What is the effect of calling death a "slave" and "poor death " in "Death, Be Not Proud"?

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William Delaney eNotes educator| Certified Educator

John Donne's poetry is full of extravagant conceits. Although this poem, "Death Be Not Proud,"  is addressed to Death personified, it is really counseling the reader not to fear death because it is not really a "mighty and terrible" thing but something that is common and contemptible. Donne seems to have been strongly influenced by some of Shakespeare's sonnets on the subject of death, especially Sonnet XIX which begins:

Devouring Time, blunt thou the lion's paws,

And make the earth devour her own sweet brood,

Pluck the keen teeth from the fierce tiger's jaws,

And burn the long-liv'd phoenix in her blood . . .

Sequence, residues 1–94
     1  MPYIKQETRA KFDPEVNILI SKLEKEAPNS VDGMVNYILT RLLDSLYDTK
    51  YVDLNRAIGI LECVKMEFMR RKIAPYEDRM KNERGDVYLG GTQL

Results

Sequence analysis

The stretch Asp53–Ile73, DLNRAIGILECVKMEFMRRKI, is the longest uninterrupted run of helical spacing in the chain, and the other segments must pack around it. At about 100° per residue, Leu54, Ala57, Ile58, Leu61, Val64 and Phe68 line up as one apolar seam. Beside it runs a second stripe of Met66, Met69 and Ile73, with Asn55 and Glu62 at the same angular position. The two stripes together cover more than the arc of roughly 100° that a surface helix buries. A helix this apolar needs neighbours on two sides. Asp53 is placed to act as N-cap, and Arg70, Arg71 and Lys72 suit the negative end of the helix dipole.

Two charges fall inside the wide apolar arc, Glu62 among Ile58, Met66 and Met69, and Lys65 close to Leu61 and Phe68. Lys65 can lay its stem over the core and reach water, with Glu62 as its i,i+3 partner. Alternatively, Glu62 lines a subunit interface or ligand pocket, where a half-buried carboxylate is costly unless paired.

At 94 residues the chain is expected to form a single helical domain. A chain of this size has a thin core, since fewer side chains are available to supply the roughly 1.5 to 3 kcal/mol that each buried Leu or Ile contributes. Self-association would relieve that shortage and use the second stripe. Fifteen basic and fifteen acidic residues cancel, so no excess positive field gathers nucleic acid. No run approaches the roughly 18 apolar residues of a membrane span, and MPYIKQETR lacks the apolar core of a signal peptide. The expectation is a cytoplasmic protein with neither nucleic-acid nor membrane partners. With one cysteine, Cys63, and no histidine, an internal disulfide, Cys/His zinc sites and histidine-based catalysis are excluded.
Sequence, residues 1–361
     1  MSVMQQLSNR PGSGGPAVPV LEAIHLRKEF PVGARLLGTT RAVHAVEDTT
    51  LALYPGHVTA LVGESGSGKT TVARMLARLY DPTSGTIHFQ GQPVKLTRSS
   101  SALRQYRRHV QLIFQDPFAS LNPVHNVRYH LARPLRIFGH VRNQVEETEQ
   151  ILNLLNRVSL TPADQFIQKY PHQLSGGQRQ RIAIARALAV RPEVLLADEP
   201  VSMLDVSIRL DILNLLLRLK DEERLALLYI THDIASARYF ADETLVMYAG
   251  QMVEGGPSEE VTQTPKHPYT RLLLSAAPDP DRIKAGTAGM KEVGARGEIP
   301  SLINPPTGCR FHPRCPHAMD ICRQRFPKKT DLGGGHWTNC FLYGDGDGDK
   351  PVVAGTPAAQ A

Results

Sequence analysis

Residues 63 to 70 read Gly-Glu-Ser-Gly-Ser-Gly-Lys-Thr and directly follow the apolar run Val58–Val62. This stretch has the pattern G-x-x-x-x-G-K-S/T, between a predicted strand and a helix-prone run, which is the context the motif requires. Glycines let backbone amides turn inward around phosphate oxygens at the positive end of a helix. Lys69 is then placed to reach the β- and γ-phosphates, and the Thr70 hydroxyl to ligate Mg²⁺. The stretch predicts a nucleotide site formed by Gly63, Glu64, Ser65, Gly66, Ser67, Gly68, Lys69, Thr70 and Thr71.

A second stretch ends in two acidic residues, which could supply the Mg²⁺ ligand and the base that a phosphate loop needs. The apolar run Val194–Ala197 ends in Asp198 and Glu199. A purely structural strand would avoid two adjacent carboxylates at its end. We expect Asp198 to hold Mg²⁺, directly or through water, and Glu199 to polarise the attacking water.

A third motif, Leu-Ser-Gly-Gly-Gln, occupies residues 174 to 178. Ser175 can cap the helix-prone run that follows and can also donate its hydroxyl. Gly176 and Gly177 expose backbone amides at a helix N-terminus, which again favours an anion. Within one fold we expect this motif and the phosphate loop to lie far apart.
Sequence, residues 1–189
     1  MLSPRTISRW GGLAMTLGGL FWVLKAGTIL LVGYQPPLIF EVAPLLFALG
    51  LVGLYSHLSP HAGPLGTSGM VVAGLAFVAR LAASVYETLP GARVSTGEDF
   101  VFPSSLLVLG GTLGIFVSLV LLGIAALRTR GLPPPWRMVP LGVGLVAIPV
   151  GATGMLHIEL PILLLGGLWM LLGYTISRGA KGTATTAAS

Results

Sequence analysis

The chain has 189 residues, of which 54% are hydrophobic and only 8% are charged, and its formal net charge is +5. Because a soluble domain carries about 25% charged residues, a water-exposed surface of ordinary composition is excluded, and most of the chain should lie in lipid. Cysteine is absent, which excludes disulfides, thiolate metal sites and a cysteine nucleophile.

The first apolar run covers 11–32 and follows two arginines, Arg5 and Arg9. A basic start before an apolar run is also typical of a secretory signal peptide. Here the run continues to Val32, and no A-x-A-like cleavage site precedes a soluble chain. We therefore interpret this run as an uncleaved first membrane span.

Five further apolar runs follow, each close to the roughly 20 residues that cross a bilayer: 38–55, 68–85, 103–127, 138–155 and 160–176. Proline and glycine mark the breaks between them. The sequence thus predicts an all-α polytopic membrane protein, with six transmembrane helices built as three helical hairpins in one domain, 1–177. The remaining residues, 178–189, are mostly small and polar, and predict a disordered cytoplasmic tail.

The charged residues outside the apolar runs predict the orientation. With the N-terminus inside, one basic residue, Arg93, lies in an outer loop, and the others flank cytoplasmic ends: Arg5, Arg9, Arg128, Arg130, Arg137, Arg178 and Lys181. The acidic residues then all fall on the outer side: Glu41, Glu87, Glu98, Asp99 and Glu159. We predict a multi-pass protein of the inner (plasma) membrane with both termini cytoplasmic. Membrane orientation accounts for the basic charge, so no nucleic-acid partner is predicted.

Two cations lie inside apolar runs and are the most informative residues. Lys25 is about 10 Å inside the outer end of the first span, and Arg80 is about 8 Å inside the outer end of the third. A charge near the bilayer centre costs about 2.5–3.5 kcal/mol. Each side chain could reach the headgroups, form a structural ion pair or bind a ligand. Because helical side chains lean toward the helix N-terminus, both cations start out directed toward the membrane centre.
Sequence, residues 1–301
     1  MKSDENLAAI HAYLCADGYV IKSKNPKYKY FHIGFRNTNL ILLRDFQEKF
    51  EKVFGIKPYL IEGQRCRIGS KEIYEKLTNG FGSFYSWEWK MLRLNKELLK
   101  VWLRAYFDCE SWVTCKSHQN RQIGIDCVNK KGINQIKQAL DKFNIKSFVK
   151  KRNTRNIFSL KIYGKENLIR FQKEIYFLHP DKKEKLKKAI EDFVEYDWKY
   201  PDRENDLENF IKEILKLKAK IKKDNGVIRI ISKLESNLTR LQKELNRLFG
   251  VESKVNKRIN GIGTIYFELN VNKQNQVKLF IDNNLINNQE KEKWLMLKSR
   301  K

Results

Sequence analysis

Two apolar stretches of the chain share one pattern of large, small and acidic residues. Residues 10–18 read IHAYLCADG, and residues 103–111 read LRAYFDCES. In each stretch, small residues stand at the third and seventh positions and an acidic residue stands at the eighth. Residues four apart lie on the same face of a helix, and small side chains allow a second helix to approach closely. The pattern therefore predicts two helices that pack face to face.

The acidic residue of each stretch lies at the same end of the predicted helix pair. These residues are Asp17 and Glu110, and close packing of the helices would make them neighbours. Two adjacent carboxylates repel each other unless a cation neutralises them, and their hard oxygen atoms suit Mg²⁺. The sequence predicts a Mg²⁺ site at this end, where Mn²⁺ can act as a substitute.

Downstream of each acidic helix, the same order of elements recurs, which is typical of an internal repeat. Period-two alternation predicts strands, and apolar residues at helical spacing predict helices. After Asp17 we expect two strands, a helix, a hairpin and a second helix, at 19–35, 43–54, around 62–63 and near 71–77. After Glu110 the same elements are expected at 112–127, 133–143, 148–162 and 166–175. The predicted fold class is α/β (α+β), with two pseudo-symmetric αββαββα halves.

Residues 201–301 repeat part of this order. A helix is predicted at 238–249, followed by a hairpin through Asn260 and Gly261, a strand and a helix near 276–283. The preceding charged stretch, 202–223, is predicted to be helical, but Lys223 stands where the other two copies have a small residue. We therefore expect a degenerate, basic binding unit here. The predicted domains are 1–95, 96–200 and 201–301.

Shakespeare is addresssing Time as Donne is addressing Death. A few lines later in Shakespeare's sonnet he audaciously says:

But I forbid thee one most heinous crime . . .

He actually forbids Time to damage his loved one's looks. This type of poetic conceit appealed to Donne, who carried it even further.

See also Shakespeare's beautiful Sonnet LV, which begins:

Not marble, nor the gilded monuments

Of princes, shall outlive this powerful rhyme;

But you shall shine more bright in these contents

Than unswept stone, besmear'd with sluttish time.